Financial Regulatory Forum

U.S. Treasury to move by year end on plan to exempt forex swaps, sources say

By Guest Contributor
October 24, 2012

By Emmanuel Olaoye

WASHINGTON, Oct. 24 (Thomson Reuters Accelus) - The U.S. Treasury Department will move ahead after the Nov. 6 U.S. national elections to issue its plan for exempting foreign exchange swaps, a banking industry source said. A senior government official said a decision on the issue was expected by year end, after international standards setters complete work on derivatives margin requirements.

Kill switches may be too difficult to implement despite new call by CFTC member, expert says

By Guest Contributor
October 17, 2012

By Emmanuel Olaoye, Compliance Complete

WASHINGTON, Oct. 17 (Thomson Reuters Accelus) - CFTC Commissioner Bart Chilton has called for high frequency traders, or “cheetahs” to face so-called kill switches that would shut down a broker dealer’s trading over erroneous orders or technology glitches. But a trading expert said the measure may be too difficult to implement in practice.

U.S. self-regulatory bodies move toward cost-benefit analysis

By Guest Contributor
October 9, 2012

By Nick Paraskeva, Compliance Complete contributing author

NEW YORK, Oct. 9 (Thomson Reuters Accelus) - The financial industry’s self-regulatory organizations (SROs) are being pressed to conduct more rigorous cost-benefit analyses of their rules, to the same standards as federal regulators. This follows recent court judgments overturning rules issued by the Securities and Exchange Commission (SEC) and the Commodities Futures Trading Commission (CFTC), in cases brought by the industry on grounds that the rules lacked such an analysis.

EXCLUSIVE: Credit derivatives market can expect specific rules, says regulator

By Guest Contributor
October 4, 2012

By Rachel Wolcott, Compliance Complete

LONDON, Oct. 4 (Thomson Reuters Accelus) - Credit derivatives dealers can expect to see specific rules and regulations to address some of the peculiarities of that market, said Edouard Vieillefond, director in charge of regulation policy and international affairs at French regulator Autorité des marchés financiers (AMF). Despite the huge amount of regulation already aimed at the broader derivatives market, there is concern that it will be insufficient to cover continuing questions that regulators have about its functioning.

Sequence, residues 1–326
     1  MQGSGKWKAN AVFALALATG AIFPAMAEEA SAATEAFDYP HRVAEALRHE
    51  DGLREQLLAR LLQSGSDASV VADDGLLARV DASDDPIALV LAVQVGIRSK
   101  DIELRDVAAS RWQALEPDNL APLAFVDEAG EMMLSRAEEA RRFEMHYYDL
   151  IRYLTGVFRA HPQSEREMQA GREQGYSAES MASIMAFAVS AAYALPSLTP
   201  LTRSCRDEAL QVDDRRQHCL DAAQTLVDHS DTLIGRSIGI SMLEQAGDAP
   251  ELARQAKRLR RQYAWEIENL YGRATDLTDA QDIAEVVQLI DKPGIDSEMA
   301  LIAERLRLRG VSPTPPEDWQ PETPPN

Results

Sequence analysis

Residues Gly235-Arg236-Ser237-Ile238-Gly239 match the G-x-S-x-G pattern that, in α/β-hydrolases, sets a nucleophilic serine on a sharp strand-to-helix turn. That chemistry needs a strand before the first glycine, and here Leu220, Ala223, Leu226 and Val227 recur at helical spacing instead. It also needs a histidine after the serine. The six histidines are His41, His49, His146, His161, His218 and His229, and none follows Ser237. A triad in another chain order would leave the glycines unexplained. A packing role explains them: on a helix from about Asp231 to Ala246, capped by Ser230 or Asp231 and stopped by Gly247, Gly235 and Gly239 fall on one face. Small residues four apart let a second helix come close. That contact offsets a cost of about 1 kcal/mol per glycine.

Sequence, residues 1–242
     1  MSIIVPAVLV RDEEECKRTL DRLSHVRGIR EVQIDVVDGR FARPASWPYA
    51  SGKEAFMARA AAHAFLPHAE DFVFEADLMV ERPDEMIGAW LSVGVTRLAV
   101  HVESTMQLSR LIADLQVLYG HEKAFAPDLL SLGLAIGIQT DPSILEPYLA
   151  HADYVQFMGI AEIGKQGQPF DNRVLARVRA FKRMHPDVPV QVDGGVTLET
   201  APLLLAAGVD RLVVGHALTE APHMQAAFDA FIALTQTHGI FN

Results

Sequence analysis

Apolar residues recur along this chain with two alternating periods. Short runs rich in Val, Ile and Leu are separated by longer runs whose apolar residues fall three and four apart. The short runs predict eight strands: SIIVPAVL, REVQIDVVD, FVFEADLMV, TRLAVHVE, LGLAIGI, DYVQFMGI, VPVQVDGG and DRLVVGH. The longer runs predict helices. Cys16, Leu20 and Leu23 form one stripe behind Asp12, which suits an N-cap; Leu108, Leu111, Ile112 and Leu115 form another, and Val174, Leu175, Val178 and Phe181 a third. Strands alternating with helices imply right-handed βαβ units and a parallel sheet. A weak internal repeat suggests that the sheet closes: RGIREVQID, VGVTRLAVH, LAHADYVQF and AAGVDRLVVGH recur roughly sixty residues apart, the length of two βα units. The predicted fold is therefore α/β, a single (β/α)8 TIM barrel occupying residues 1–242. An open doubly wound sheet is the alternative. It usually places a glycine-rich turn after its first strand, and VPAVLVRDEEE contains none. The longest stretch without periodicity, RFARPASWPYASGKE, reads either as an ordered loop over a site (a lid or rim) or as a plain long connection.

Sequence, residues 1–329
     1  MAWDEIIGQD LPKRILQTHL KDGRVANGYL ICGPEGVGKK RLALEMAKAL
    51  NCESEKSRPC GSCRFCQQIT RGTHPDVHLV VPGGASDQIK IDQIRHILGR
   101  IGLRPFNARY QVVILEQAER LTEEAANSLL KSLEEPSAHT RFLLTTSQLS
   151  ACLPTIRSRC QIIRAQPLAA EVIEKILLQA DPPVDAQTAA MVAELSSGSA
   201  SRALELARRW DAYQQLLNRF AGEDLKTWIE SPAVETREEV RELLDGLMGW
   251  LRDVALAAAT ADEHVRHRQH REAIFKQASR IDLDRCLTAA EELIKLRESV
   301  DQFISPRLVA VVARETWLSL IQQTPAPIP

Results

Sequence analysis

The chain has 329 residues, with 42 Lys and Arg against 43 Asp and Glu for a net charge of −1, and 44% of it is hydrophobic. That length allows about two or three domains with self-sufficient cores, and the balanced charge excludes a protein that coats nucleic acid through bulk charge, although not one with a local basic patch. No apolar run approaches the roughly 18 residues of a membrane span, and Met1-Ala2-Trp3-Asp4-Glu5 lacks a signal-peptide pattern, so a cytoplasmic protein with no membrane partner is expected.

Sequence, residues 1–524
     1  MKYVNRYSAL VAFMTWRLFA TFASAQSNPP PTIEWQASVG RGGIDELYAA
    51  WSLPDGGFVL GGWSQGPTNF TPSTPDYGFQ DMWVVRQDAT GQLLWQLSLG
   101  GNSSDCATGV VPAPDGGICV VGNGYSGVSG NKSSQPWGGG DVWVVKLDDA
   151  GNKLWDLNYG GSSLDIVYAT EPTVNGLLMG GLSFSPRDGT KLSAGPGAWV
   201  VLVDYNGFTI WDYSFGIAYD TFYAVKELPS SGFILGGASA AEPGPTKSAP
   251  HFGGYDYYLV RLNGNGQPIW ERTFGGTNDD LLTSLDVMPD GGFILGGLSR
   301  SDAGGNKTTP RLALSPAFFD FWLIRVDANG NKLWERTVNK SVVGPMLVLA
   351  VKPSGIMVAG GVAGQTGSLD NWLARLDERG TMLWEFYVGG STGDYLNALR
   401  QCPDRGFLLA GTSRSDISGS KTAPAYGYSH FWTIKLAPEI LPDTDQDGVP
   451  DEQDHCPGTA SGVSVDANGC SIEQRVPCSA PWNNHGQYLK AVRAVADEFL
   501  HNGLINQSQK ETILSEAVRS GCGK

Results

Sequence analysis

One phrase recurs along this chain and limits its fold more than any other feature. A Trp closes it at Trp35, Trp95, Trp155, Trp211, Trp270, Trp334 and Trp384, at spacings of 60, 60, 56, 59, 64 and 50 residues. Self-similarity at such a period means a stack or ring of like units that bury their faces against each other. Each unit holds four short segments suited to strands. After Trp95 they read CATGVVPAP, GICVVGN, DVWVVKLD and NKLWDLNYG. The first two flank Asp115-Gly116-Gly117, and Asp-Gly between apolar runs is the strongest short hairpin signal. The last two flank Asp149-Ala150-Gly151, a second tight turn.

Mortgage lawsuit against JPMorgan offers refresher on basic compliance lessons

By Guest Contributor
October 3, 2012

By Stuart Gittleman

NEW YORK, Oct. 3 (Thomson Reuters Accelus) - Securities issuers that claim to have conducted due diligence on their offerings should address and remediate problems found and not ignore red flags, as made clear by the New York state fraud lawsuit against JPMorgan over they way its Bear Stearns unit dealt in mortgage securities. (more…)

IA brief: State laws may require firms to re-think social media policies

By Guest Contributor
October 3, 2012

By Jason Wallace

NEW YORK, Oct. 3 (Thomson Reuters Accelus) – Federal and state privacy legislation aiming to protect against employer access to private social media websites may put the investment industry in a bind — unable to fully supervise social-media and electronic communications used by their representatives.

Two U.S. courts offer whistleblowers conflicting guidance on protections for internal reporting

By Guest Contributor
September 26, 2012

By Gordon Schnell and Marlene Koury, Thomson Reuters Accelus contributing authors

Financial cybercrime a national security threat, U.S. Justice Department official warns

By Guest Contributor
September 21, 2012

By Julie DiMauro and Stuart Gittleman

NEW YORK, Sept. 21 (Thomson Reuters Accelus) - U.S.-based financial services institutions that don’t tell law enforcement agencies about having been victimized by cybercrime are compromising the nation’s security as well as that of their firms, a top Department of Justice official warned this week.

New U.S. FinCEN director must bolster agency under pressure over Iran sanctions, money laundering

By Guest Contributor
September 21, 2012

By Brett Wolf

NEW YORK, Sept. 21 (Thomson Reuters Accelus) - When former Justice Department official Jennifer Shasky Calvery takes the reins at the U.S. Treasury Department’s anti-money laundering bureau on Monday, her first job is to revive the beleaguered agency amid pressure over Iran sanctions and money-laundering enforcement, sources said.

“Volcker rule” exemption for liquidity management remains half-thought

By Guest Contributor
September 19, 2012

By Bora Yagiz

NEW YORK, Sept. 19 (Thomson Reuters Accelus) - The question what distinguishes a “trading account” from a legitimate liquidity management program will be a primary concern as no less than four regulators, namely the Federal Reserve, the Securities and Exchange Commission (SEC), the Federal Deposit Insurance Corporation, and the Office of the Comptroller of the Currency, finish work on the “Volcker rule” limiting risky trading by banks. The regulators jointly proposed last year the provisions for implementing section 619 of the Dodd Frank Act. Final rules are expected by year end.